Futurism

Steve Hill interviews David Wood

In this interview at Ending Age-Related Diseases 2020, Steve Hill of Lifespan.io discusses the longevity of humanity with David Wood of the London Futurists. The topics include the public opinion of people who seek longevity; accelerating technology in respect to aging; ways of gaining mainstream appeal, such as humanitarian and economic arguments; his book on superabundance and transhumanism; and future scenarios, both good and bad.



What is Transhumanism?

Excerpt

Transhumanism is a way of thinking about the future that is based on the premise that the human species in its current form does not represent the end of our development but rather a comparatively early phase.

Transhumanism is a loosely defined movement that has developed gradually over the past two decades.

Transhumanism is a class of philosophies of life that seek the continuation and acceleration of the evolution of intelligent life beyond its currently human form and human limitations by means of science and technology, guided by life-promoting principles and values.– Max More (1990)

Humanity+ formally defines it based on Max More’s original definition as follows:

  1. The intellectual and cultural movement that affirms the possibility and desirability of fundamentally improving the human condition through applied reason, especially by developing and making widely available technologies to eliminate aging and to greatly enhance human intellectual, physical, and psychological capacities.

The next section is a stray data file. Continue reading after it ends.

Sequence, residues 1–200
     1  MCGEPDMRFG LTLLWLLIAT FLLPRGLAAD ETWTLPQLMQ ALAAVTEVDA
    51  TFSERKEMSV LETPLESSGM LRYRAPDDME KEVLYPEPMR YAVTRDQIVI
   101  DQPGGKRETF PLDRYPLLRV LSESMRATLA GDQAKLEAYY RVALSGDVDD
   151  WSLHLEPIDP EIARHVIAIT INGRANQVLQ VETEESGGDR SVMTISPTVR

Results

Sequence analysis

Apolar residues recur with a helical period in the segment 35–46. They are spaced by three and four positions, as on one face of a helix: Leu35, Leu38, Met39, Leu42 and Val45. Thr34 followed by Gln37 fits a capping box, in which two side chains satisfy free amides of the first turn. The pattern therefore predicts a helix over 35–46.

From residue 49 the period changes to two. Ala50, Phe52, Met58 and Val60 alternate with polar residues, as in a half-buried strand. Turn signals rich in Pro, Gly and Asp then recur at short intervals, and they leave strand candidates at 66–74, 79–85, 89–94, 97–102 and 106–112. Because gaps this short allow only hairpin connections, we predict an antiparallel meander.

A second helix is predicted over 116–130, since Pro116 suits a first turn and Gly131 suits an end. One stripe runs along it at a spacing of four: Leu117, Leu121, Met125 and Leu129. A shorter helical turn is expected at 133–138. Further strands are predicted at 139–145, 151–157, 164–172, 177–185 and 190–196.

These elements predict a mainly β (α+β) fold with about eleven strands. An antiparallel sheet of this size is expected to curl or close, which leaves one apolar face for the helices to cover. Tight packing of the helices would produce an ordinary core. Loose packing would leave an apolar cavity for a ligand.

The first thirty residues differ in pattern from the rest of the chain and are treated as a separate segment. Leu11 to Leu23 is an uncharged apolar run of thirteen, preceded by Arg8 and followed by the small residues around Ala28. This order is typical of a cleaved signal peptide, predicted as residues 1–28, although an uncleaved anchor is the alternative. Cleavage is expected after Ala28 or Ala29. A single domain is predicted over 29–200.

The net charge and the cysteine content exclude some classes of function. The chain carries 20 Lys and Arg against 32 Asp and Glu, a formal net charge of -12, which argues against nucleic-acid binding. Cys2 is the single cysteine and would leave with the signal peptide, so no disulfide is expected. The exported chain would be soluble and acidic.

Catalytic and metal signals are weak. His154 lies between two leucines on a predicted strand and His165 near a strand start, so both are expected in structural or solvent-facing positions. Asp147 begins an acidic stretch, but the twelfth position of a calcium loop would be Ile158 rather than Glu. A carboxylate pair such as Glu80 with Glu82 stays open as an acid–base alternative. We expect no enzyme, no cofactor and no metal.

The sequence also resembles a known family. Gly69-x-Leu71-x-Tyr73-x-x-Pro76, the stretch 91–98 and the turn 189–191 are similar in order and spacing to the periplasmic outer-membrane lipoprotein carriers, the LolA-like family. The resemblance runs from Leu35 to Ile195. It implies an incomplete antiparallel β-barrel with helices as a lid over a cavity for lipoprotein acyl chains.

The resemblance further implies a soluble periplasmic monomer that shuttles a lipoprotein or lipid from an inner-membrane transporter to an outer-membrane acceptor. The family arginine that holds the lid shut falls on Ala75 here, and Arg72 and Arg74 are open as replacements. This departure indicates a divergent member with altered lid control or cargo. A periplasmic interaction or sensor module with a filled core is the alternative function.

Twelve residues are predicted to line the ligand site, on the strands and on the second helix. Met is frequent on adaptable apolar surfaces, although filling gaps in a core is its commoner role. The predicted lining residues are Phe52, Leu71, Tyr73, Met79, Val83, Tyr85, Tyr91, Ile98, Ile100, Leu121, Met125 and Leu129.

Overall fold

2. The study of the ramifications, promises, and potential dangers of technologies that will enable us to overcome fundamental human limitations, and the related study of the ethical matters involved in developing and using such technologies.

Transhumanism can be viewed as an extension of humanism, from which it is partially derived. Humanists believe that humans matter, that individuals matter. We might not be perfect, but we can make things better by promoting rational thinking, freedom, tolerance, democracy, and concern for our fellow human beings. Transhumanists agree with this but also emphasize what we have the potential to become. Just as we use rational means to improve the human condition and the external world, we can also use such means to improve ourselves, the human organism. In doing so, we are not limited to traditional humanistic methods, such as education and cultural development. We can also use technological means that will eventually enable us to move beyond what some would think of as “human”.

FULL TEXT: eBOOK